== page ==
Russian lawmakers submitted legislation Thursday that would grant former presidents lifetime immunity from criminal prosecution under President Vladimir Putin’s constitutional reforms, The Moscow Times reported citing Interfax.
Under current laws, presidents cannot be held criminally or administratively liable for crimes committed while serving their terms. A parliamentary working group assessing Putin’s constitutional reforms proposed earlier this year to extend presidential immunity beyond their terms of office.
“The bill secures immunity guarantees for ex-presidents beyond the terms of their presidential powers,” Interfax quoted Senator Andrei Klishas, the group’s co-chair, as telling reporters.
“This expands the timeframe of immunity guarantees for a president who stops exercising their powers,” added Klishas, who chairs the upper-house Federation Council’s Committee on Constitutional Legislation and State Building.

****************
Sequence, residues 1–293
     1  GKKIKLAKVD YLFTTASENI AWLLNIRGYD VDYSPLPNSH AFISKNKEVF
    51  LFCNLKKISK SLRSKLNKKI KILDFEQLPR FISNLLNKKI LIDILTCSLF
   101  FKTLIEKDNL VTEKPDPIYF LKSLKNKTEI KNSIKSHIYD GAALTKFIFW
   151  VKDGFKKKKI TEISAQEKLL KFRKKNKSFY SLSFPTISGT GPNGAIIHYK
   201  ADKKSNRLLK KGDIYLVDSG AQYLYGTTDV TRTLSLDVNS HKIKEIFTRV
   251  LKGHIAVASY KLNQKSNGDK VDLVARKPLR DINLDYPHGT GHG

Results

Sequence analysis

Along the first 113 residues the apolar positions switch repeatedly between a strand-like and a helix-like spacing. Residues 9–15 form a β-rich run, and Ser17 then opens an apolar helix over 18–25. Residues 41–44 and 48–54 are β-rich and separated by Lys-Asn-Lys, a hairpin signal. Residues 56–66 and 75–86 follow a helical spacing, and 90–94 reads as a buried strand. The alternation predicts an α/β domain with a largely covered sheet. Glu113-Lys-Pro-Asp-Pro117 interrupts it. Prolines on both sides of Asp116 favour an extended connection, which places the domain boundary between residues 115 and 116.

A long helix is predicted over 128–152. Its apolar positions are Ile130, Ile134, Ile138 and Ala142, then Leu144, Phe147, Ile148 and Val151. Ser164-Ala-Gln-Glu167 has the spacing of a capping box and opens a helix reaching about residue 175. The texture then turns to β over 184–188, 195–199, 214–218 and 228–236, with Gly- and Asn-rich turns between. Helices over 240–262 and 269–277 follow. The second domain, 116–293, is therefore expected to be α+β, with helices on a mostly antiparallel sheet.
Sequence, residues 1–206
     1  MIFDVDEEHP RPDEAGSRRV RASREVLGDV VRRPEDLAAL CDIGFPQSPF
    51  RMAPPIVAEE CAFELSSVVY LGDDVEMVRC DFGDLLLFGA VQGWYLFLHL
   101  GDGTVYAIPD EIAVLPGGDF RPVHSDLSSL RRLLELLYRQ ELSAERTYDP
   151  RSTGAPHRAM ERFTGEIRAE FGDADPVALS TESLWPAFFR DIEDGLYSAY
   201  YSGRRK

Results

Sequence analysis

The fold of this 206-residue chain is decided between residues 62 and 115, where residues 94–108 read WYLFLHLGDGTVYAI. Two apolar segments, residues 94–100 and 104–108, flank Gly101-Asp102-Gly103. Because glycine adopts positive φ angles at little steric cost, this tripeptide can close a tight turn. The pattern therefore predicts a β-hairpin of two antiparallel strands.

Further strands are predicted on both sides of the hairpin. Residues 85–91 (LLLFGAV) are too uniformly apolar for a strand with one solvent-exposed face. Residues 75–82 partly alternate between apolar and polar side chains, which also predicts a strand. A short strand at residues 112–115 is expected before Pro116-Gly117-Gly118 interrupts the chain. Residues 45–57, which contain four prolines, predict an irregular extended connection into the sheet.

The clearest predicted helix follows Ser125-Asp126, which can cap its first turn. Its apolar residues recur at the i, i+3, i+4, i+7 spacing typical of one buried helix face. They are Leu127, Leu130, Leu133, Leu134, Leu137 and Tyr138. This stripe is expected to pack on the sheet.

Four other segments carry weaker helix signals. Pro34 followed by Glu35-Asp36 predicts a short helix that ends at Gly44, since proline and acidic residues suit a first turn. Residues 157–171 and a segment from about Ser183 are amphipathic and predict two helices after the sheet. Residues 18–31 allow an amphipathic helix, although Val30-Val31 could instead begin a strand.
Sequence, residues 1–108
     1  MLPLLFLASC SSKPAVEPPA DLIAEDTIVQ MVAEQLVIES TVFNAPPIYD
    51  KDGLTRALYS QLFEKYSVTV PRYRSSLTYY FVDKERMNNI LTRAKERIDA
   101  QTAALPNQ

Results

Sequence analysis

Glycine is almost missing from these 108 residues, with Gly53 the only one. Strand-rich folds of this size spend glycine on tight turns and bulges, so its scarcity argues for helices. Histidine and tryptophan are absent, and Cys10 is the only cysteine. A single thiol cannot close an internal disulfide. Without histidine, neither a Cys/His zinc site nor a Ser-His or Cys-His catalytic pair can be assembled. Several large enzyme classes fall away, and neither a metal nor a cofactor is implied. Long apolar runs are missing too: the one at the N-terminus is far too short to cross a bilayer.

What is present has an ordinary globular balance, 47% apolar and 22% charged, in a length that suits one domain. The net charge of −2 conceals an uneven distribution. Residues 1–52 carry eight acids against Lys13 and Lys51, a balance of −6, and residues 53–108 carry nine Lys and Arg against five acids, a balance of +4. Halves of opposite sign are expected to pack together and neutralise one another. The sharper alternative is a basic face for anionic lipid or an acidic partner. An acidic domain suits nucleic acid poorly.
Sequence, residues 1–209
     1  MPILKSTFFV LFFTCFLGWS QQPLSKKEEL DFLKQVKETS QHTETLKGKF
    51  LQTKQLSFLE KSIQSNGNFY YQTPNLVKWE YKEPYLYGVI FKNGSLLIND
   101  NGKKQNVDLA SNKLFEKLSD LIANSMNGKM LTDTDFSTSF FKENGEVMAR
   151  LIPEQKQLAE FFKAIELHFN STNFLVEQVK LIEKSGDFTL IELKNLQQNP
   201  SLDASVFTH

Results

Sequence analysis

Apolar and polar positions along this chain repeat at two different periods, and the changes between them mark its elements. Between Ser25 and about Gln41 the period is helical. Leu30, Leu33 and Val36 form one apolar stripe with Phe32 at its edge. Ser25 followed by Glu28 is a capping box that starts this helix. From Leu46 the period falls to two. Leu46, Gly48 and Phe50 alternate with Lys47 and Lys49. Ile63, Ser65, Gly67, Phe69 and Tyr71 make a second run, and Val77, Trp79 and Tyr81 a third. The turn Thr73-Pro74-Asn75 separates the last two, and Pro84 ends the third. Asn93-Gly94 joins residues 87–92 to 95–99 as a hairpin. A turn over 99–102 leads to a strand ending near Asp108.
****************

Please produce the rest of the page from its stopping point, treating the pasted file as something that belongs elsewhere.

The newly proposed bill also grants both chambers of the Russian parliament the power to strip presidents of immunity by a two-thirds majority within three months if they are accused of high treason or other felonies.
The latest legislation comes a week after Putin submitted another bill under his constitutional reforms giving ex-presidents a lifetime seat in the senate, the Federation Council.
The Kremlin said during Thursday’s press briefing that many other countries provide lifetime guarantees for their former presidents and that Russia’s moves are not new in international law.
Both pieces of legislation are part of constitutional reforms, which Russians approved in a nationwide vote this summer, that pave the way for Putin to extend his rule until 2036 after his current term ends in 2024.
They need to pass both in chambers of parliament, which are held by pro-Putin political parties, a combined four times before Putin signs them into law.